Hundreds of millions in foreign aid go unspent, new figures show
JULY 14, 2013. By Lee Berthiaume, Postmedia News
Hundreds of millions of dollars set aside to help the world’s poor went unspent in the last fiscal year, new figures from theparliamentary budget office show, prompting fresh concerns about the future of Canadian foreign aid.
The data collected from quarterly spending reports shows that by the end of the fiscal year in March, the Canadian International Development Agency had failed to spend nearly $419 million, or more than 13 per cent, the $3.14 billion Parliament authorized it to spend in grants and contributions.
Grants and contributions are the main way CIDA and the federal government dole out foreign aid to developing countries, international organizations like the United Nations, and development groups such asCARE Canada.
A similar amount of aid money was returned to the federal coffers three years when ago when the Conservative government cut the number of countries receiving Canadian assistance and shifted focus from Africa to Latin America.
But the previous two years saw between 99 and 100 per cent of money set aside for grants and contributions spent.
International Development Minister Julian Fantino’s office warned the figures for the last fiscal year are “preliminary,” and the parliamentary budget office acknowledged they could change as more last-minute spending is reported.
However, those changes are not expected to be significant, and even before the figures were published there had been concerns that hundreds of millions in aid funding had gone unspent during the last fiscal year.
Freezes have been imposed on future projects in Haiti and a number of countries, while projects face long delays for approval in the minister’s office, and development groups say CIDA has not asked for project proposals in more than two years.
In a statement released by his office, Fantino said the government’s focus is on making sure what aid money it does spend is used effectively.
“For those living in poverty or suffering the ill effects of a humanitarian crisis in the developing world, what matters most is timely and effective assistance,” he said, “not budgets and disbursements simply made in their names.”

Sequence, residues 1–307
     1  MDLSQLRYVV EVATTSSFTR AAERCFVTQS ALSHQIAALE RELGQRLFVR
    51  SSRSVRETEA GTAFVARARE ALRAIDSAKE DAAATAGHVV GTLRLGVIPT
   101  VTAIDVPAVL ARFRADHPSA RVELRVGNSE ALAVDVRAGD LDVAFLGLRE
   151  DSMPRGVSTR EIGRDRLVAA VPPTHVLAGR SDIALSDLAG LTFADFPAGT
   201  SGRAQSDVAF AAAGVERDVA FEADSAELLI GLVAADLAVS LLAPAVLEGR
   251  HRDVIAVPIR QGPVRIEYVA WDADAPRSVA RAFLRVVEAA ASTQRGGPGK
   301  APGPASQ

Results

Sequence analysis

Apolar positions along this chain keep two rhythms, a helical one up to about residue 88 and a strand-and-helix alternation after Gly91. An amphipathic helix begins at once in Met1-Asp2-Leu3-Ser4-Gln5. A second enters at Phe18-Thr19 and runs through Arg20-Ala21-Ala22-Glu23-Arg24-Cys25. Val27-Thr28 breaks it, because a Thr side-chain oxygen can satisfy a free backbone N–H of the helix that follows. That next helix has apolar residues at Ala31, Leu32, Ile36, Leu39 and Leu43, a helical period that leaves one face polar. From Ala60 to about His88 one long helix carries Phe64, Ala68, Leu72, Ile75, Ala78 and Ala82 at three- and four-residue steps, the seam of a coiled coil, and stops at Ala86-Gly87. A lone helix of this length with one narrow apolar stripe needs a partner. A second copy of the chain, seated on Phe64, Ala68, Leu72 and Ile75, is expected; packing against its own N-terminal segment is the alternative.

The Conservative government announced last year it was cutting $377 million, or about 7.5 per cent, of Canada’s $5 billion aid budget as part of its efforts to slay the deficit.
But analysts say letting hundreds of millions of aid dollars lapse is indicative of incompetence on Fantino’s part — or an intentional effort to reduce aid spending in the hopes no one would notice.
“That’s a very large number in absolute terms and even more problematic in light of other real cuts that have already been made to Canadian aid,” said Carleton University aid expert Edward Jackson.
“If we think about it in terms of what $400 million can do in terms of vaccinations or education programs, every drop of aid money can help,” said former CIDA official Liam Swiss, who now teaches international development at Memorial University in St. John’s, N.L.
University of Ottawa development expert Stephen Brown said the Conservative government’s interest in helping the world’s poor has already been in question.
The past few years have seen it shift focus from poor countries in Africa to middle-income trading partners in Latin America and cuts to CIDA’s long-standing ties with international development groups in favour of closer partnerships with Canadian mining companies.
Most recently it rolled CIDA into the Department of Foreign Affairs and International Trade, plans for which were developed in secret and only revealed when the budget was presented in March.
Revelations of the lapsed funding will do nothing to erase concerns about the Conservatives and foreign aid, Brown said.
“There’s no shortage of good things to spend aid on,” Brown said. “Nobody is saying the minister should approve bad projects. But this is not a government that’s strongly committed to foreign aid.”
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